In terms of excitement, today's race has a lot to live up to. We are not talking about the Porsche race or even the GP2, but rather the media buzz surrounding Bernie Ecclestone and Luca di Montezemolo as the great debate over the 2014 regulations continues.
Describing them as "unacceptable" and suggesting that the ‘green agenda" is more suited to Sports Cars and Touring Cars, Ecclestone insists that any changes will not damage Mercedes, though it is hard to see how.
Consequently, with an eye on the future, not to forget those double points on offer in Abu Dhabi, the German team will need to press home its advantage in these early races, and what an advantage.
The pair were both over half-a-second quicker than third-placed Daniel Ricciardo who was already facing a grid penalty carried over from Malaysia. Taking the Australian out of the equation therefore, there remained a gap of 0.7s over Valtteri Bottas.
The Mercedes duo are free to race and while Hamilton was clearly smarting from losing out to his teammate (and good friend), Nico Rosberg is well aware that he must prevent the Englishman from building up championship momentum if he is to keep his own hopes alive.
The Silver Arrows will disappear into the floodlight distance tonight but it is the battle behind which excites.
Behind Bottas, who will have relished out-qualifying his Williams teammate, we have Sergio Perez and Kimi Raikkonen who both also have their in-house issues to deal with. Then there are the veterans Felipe Massa and Jenson Button, the McLaren driver participating in his 250th Grand Prix this weekend.
As if that wasn't enough, we then have Magnussen, who heads Alonso, Vettel, Hulkenberg, Kvyat and Ricciardo, each with something to prove.
Sauber and Lotus will no doubt be looking forward to later tonight when they can pack up and put the misery behind them, the Swiss outfit's lousy weekend compounded when Adrian Sutil was handed a five place - admittedly richly deserved - penalty.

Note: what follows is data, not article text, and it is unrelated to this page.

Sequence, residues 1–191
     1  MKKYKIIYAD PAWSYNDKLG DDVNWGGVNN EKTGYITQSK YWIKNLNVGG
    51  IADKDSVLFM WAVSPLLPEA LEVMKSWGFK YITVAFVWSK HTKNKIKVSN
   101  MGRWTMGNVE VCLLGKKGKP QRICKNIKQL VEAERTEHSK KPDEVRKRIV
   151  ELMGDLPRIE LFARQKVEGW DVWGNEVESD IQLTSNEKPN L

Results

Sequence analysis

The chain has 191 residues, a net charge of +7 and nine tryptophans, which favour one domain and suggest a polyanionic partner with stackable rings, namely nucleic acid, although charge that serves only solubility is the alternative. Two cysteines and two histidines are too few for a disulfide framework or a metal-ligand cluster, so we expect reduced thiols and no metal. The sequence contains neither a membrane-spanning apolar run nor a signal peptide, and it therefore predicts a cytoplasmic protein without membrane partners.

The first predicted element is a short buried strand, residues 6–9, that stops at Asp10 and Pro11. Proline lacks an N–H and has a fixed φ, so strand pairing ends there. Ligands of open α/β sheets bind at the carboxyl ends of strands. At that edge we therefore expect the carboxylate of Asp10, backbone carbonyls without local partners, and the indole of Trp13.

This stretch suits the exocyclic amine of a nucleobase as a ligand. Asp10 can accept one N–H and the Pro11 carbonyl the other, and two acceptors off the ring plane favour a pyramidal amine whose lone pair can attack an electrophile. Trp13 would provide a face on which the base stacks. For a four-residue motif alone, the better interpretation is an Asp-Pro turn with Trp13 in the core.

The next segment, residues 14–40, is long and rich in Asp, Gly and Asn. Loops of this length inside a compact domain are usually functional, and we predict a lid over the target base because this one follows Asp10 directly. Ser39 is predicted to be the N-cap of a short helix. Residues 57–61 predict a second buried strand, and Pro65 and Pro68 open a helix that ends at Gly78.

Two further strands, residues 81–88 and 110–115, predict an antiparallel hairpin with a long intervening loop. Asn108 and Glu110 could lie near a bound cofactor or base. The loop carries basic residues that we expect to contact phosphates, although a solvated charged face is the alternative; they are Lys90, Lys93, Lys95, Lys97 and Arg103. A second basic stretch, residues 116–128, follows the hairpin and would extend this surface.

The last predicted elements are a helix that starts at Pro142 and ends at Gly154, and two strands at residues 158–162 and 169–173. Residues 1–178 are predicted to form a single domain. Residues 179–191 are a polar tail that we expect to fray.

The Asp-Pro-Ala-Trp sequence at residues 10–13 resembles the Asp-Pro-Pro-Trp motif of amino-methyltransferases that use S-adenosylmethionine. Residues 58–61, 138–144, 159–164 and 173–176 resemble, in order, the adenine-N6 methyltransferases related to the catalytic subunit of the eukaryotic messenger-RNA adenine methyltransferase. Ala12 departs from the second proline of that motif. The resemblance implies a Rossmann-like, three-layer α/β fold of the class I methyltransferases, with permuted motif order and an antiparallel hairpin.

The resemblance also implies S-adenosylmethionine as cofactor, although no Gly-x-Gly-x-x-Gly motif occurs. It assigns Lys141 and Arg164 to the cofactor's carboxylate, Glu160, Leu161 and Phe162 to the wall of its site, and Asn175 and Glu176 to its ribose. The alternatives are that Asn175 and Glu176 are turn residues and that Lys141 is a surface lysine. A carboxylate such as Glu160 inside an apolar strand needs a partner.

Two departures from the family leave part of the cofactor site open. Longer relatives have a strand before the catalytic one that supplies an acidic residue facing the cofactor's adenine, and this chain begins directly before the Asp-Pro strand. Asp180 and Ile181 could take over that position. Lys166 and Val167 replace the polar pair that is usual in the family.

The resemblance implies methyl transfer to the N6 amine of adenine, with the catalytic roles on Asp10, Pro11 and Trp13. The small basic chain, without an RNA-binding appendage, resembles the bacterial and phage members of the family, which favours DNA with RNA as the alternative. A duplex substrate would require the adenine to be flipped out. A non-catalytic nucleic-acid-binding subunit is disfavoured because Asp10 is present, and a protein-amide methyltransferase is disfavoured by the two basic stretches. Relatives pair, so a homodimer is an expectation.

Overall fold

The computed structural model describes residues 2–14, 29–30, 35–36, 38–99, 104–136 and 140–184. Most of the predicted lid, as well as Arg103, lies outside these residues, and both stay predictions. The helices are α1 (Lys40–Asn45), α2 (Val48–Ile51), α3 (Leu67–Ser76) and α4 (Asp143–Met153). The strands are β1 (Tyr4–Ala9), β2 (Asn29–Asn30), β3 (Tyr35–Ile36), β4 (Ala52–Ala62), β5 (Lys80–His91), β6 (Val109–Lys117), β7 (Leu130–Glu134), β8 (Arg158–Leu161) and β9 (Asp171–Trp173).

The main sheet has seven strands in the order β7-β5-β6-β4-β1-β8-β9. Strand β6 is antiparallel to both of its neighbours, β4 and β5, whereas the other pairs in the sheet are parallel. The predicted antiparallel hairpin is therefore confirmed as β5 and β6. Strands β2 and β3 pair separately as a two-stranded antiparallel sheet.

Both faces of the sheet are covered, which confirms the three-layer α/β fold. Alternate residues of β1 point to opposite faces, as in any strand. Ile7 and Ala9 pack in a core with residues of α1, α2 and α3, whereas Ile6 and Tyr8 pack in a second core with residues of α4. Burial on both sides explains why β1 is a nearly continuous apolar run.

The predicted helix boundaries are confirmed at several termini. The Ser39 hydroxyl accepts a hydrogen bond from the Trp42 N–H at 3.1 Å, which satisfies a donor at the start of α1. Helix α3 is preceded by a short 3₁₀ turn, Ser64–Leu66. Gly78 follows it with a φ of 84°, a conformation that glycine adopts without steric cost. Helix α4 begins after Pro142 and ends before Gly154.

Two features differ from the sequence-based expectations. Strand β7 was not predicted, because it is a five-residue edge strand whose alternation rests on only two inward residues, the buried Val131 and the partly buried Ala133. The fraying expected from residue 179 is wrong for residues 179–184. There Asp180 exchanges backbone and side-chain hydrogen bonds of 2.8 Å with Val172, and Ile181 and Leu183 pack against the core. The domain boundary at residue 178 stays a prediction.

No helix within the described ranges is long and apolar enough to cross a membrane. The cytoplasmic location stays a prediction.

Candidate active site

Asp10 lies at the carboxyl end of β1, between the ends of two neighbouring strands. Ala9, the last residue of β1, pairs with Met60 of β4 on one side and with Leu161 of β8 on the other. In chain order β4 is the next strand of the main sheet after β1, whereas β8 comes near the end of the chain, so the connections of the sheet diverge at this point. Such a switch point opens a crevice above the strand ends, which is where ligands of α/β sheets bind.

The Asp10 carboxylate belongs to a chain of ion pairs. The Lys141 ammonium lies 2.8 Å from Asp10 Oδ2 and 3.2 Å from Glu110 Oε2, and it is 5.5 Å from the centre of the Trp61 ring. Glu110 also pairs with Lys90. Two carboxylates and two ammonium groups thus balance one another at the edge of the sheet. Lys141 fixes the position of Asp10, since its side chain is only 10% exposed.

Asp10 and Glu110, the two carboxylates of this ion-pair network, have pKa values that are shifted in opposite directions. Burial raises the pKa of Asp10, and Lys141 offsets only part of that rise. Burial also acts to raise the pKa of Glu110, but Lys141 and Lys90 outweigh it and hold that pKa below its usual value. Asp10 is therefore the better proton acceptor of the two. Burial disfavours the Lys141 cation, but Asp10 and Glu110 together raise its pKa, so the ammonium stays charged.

With absolutely no chance of the weather gods spicing things up, we are going to have to rely on the determination of the drivers especially those wanting to assert themselves within their respective teams. If Vettel's lowly grid sot comes as a surprise, what of Hulkenberg and Kvyat.
Tyres available this weekend are medium (prime) and soft (option), whilst the two DRS zones are on the start-finish straight and on the approach to T11.
Three stops is theoretically the quickest strategy, but teams with lower levels of degradation may try two stops. The ideal three-stop strategy for the race is: start on soft, change to soft again on lap 17, medium on lap 33, and a final stint on soft from lap 41. A two-stop strategy could be: start on soft, change to soft again on lap 22, then to hard on lap 44.
The pitlane opens and the drivers make their way to the grid, lots of burnouts, drive-throughs (not the stewards' type) and practice starts.
All starting on options except Vettel and Sutil, who are clearly aiming to get them out of the way as soon as possible.
Grip has been a problem all weekend, as have the gusty winds. As they head off on the parade lap, the air temperature is 25 degrees C, while the track temperature is 28 degrees.
Perez is slow getting away for the parade lap, a couple of cars have to take avoiding action.
In the cooler evening temperatures, the drivers are working furiously in order to generate heat into their tyres.